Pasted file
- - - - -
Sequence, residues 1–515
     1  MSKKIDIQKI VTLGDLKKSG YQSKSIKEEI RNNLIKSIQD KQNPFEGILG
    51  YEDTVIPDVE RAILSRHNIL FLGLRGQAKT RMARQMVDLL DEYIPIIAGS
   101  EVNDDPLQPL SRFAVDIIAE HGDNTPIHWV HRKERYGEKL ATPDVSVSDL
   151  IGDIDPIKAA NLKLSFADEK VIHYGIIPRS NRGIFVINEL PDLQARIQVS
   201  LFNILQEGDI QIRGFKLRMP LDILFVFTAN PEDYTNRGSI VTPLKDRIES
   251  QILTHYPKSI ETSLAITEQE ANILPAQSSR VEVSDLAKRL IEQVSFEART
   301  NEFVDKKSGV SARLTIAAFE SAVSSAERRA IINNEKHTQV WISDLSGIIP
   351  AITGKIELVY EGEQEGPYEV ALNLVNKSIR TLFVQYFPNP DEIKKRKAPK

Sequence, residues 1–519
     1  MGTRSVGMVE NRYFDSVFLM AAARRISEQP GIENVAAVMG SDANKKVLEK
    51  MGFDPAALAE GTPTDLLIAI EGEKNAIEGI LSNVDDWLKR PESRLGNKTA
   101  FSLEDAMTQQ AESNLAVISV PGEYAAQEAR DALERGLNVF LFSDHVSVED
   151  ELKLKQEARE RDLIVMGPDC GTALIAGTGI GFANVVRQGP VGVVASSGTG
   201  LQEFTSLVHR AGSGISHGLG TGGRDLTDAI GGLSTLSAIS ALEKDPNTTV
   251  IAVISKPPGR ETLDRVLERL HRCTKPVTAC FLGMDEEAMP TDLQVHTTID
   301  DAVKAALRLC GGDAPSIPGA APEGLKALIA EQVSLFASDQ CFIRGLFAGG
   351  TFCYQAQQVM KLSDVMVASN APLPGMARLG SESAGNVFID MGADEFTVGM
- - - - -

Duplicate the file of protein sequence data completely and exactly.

Sequence, residues 1–515
     1  MSKKIDIQKI VTLGDLKKSG YQSKSIKEEI RNNLIKSIQD KQNPFEGILG
    51  YEDTVIPDVE RAILSRHNIL FLGLRGQAKT RMARQMVDLL DEYIPIIAGS
   101  EVNDDPLQPL SRFAVDIIAE HGDNTPIHWV HRKERYGEKL ATPDVSVSDL
   151  IGDIDPIKAA NLKLSFADEK VIHYGIIPRS NRGIFVINEL PDLQARIQVS
   201  LFNILQEGDI QIRGFKLRMP LDILFVFTAN PEDYTNRGSI VTPLKDRIES
   251  QILTHYPKSI ETSLAITEQE ANILPAQSSR VEVSDLAKRL IEQVSFEART
   301  NEFVDKKSGV SARLTIAAFE SAVSSAERRA IINNEKHTQV WISDLSGIIP
   351  AITGKIELVY EGEQEGPYEV ALNLVNKSIR TLFVQYFPNP DEIKKRKAPK

Sequence, residues 1–519
     1  MGTRSVGMVE NRYFDSVFLM AAARRISEQP GIENVAAVMG SDANKKVLEK
    51  MGFDPAALAE GTPTDLLIAI EGEKNAIEGI LSNVDDWLKR PESRLGNKTA
   101  FSLEDAMTQQ AESNLAVISV PGEYAAQEAR DALERGLNVF LFSDHVSVED
   151  ELKLKQEARE RDLIVMGPDC GTALIAGTGI GFANVVRQGP VGVVASSGTG
   201  LQEFTSLVHR AGSGISHGLG TGGRDLTDAI GGLSTLSAIS ALEKDPNTTV
   251  IAVISKPPGR ETLDRVLERL HRCTKPVTAC FLGMDEEAMP TDLQVHTTID
   301  DAVKAALRLC GGDAPSIPGA APEGLKALIA EQVSLFASDQ CFIRGLFAGG
   351  TFCYQAQQVM KLSDVMVASN APLPGMARLG SESAGNVFID MGADEFTVGM